Friday, April 24, 2009

Nothing to Prove

A recent conversation helped me understand one objection that some people have to the idea of "going to church." I've honestly never considered this as a real possibility, but evidently some people consider church involvement to be something that is done to "prove" or "demonstrate" one's goodness or faith. I believe we go to church because we believe it's good for us and others, not because we think we look good when we do it! Being part of a church community, praying, worshiping, reading scripture, serving and relating with others and giving are done because we gain more than we give through our participation. But those who haven't yet sensed the love of God through the church can't fathom this. That's one reason those of us who do receive through the ministry of the church are called to energetically reach out with God's love, so skeptics can be drawn to God's church too.

What do you think? Click "comment" below!


  1. I have had conversations with several people, mostly work friends or acquaintances. The most common thyme I hear is, "we are spiritual and believe in God, but we don't trust or believe in "organized" religion." Sometimes people have had a bad experience with a church and are turned off. Sometime it's an excuse to not have to get up on Sunday morning. Usually it's somewhere in between.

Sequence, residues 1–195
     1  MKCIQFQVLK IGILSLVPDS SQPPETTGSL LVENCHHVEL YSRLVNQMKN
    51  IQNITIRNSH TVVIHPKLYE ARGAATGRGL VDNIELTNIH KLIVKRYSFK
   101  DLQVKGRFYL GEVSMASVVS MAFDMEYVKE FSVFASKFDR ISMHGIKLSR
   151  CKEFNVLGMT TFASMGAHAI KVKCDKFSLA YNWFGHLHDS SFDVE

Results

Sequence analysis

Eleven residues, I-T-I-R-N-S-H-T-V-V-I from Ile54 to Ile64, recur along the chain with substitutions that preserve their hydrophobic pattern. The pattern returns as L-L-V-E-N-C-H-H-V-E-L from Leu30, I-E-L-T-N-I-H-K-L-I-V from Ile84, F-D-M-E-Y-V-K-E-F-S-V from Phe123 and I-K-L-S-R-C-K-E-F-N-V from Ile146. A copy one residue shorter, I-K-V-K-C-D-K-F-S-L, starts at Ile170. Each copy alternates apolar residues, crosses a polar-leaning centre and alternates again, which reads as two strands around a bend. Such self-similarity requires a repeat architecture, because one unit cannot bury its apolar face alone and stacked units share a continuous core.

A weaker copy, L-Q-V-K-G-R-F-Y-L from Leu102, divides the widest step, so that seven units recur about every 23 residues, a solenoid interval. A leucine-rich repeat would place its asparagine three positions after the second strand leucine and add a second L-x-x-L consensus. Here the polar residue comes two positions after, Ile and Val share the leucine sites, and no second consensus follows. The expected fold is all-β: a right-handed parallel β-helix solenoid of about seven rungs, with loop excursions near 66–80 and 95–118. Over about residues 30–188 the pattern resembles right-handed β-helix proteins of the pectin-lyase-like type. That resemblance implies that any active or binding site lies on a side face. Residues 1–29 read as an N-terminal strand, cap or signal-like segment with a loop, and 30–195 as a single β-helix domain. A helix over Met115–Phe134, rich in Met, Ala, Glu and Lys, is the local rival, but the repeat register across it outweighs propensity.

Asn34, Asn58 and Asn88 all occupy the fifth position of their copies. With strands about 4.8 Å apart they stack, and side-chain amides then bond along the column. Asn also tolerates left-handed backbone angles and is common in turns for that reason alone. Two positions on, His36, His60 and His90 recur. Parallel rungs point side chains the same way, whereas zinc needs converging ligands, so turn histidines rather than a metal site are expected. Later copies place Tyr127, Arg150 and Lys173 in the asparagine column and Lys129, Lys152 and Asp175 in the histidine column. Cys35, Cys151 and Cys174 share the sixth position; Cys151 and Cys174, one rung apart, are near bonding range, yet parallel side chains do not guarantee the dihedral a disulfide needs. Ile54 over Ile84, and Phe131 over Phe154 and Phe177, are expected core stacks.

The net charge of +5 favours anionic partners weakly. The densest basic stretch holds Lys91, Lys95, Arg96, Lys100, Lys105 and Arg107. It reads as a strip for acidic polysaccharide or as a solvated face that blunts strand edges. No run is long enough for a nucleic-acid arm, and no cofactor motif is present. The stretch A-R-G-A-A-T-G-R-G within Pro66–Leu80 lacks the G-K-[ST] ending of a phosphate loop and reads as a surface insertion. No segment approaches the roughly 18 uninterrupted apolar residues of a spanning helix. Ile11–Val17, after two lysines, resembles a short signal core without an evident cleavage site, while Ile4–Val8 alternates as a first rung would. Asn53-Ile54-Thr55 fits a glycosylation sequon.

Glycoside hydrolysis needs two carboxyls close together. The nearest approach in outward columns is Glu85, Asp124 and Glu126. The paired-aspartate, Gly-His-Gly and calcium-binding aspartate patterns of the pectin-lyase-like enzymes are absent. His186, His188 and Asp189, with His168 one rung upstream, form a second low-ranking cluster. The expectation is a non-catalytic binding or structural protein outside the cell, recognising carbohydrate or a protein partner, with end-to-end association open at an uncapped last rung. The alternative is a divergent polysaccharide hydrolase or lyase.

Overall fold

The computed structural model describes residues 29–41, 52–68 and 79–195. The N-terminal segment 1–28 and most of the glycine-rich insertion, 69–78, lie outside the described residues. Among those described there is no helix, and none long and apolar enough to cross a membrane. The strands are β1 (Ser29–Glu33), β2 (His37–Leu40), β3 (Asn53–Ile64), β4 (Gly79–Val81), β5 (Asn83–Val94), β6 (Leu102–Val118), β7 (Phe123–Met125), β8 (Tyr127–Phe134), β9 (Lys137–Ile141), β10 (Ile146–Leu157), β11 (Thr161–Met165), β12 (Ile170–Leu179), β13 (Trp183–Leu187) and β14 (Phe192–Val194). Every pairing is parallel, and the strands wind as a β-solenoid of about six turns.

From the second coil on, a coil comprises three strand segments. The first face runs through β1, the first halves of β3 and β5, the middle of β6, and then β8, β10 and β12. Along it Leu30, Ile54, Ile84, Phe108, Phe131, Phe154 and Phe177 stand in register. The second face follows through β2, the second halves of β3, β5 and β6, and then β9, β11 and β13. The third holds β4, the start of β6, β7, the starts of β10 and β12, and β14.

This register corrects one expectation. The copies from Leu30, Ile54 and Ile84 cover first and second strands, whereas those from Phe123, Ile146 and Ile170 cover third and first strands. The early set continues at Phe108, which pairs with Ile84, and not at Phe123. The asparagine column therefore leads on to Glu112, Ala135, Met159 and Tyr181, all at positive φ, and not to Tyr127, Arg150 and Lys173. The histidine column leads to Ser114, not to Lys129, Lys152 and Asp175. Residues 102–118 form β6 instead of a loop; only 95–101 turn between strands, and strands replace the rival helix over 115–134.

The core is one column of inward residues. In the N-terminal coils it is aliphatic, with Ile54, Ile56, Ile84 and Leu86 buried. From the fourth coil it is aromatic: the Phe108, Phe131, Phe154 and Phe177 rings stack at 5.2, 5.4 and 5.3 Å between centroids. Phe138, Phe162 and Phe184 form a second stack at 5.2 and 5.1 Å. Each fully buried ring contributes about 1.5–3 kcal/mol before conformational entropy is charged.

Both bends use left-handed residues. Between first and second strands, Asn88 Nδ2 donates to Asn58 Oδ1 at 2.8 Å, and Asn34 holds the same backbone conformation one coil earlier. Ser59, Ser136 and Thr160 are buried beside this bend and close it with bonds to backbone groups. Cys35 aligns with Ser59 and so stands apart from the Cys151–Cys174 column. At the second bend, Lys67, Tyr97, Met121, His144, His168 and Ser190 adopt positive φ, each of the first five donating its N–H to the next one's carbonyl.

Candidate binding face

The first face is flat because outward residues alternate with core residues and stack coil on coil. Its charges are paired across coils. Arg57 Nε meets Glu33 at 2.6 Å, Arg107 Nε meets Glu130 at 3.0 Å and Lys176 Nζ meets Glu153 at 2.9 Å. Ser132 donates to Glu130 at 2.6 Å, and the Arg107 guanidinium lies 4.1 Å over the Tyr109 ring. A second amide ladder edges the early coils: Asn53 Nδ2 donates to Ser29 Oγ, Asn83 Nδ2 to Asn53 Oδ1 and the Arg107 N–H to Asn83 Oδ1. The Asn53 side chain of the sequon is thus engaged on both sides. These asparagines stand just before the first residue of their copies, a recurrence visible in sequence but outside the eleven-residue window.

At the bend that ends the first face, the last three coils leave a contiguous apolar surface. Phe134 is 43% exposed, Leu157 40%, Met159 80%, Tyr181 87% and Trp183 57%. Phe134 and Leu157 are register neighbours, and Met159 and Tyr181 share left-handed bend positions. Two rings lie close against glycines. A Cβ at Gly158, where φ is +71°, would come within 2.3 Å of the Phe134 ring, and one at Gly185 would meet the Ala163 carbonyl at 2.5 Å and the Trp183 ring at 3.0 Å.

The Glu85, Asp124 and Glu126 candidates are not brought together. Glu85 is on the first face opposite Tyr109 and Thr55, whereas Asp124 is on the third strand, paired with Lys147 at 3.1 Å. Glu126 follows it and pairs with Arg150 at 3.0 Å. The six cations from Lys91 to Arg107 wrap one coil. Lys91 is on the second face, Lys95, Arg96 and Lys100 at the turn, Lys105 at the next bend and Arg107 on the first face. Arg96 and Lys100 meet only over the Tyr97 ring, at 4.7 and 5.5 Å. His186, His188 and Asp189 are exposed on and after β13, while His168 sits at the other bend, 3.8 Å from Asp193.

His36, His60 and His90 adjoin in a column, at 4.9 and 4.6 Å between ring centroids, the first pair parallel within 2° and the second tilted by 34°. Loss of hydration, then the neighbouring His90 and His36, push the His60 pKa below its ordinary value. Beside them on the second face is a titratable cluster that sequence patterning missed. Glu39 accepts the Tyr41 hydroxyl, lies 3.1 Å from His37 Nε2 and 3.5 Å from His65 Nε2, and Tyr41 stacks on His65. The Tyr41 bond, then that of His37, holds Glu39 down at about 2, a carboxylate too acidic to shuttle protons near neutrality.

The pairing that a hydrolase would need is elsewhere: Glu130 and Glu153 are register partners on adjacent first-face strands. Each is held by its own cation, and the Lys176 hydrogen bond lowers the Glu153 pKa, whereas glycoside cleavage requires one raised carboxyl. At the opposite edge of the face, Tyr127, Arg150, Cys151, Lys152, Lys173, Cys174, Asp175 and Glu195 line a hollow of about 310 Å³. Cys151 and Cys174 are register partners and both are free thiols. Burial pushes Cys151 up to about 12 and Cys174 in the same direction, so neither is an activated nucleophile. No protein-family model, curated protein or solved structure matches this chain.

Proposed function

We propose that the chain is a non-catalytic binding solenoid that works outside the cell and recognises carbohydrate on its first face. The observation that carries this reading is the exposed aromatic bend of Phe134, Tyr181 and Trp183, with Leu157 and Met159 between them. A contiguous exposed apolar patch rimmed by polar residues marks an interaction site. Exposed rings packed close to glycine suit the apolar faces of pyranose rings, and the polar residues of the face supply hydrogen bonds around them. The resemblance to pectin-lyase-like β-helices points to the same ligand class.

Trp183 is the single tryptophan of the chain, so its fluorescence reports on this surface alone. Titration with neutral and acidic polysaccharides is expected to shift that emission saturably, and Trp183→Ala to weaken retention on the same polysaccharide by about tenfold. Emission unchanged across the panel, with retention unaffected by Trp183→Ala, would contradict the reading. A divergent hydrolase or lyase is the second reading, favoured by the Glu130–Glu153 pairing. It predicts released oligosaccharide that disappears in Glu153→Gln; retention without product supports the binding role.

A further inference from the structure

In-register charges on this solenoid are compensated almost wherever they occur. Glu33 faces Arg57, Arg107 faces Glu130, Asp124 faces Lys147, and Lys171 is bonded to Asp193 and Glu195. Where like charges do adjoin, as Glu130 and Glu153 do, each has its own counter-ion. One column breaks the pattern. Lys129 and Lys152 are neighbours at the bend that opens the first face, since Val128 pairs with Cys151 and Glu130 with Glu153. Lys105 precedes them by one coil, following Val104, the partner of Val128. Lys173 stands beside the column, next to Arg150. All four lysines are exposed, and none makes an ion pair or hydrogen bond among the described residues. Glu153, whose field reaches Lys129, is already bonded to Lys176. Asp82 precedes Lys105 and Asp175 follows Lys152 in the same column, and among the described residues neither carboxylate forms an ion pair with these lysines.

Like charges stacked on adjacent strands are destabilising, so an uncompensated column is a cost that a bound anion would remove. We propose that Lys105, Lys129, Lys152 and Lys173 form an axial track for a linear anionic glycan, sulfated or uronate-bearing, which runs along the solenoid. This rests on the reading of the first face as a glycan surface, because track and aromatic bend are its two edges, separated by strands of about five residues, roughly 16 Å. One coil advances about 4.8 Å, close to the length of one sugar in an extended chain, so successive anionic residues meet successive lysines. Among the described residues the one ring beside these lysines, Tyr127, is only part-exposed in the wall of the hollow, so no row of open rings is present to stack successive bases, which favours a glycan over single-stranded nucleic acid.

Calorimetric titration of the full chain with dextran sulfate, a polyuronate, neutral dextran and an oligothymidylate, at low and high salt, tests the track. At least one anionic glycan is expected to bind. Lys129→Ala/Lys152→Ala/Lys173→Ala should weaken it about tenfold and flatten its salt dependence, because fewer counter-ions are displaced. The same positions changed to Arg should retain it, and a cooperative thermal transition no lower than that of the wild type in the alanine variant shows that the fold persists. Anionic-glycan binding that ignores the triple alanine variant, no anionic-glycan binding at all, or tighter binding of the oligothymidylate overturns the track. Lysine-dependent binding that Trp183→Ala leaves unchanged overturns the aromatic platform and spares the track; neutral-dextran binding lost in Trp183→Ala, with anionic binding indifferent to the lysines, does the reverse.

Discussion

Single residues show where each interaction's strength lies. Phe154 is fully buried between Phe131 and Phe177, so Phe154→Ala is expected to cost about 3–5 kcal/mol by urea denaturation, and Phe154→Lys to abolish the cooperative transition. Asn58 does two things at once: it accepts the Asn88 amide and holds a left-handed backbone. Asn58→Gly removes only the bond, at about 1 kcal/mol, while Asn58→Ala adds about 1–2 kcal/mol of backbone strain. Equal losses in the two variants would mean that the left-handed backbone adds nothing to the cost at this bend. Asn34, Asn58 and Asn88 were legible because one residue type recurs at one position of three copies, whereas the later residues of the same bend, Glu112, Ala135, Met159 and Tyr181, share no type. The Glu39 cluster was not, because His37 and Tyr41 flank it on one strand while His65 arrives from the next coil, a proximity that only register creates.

It generally doesn't work to drag them to church, kicking and screaming. They tend to make a lot of noise in the narthex and disturb the service.

    I have tried to point out that it is helpful to have the support of others, or sometimes I just say that I need help from time to time and I get that from a church. Do either of these approaches work? I dunno. Some times a seed planted takes a long time to grow.

    Keep the faith,

    Tim Robbins

  2. Thanks, Tim. I appreciate that you comment on here from time to time. What I don't get is how "loving one another" works outside of some sort of church community - or "house church" or something like the "Agape" or "Koinonia" groups... The size or makeup of the group doesn't matter, but FELLOWSHIP with others, hearing the Word, sharing the Lord's Supper is a required, necessary part of the Christian faith--and I believe, a great blessing. The key, I think, is to share God's unconditional love and woo them in. Creates less mess in narthex too if your church/fellowship has one of those.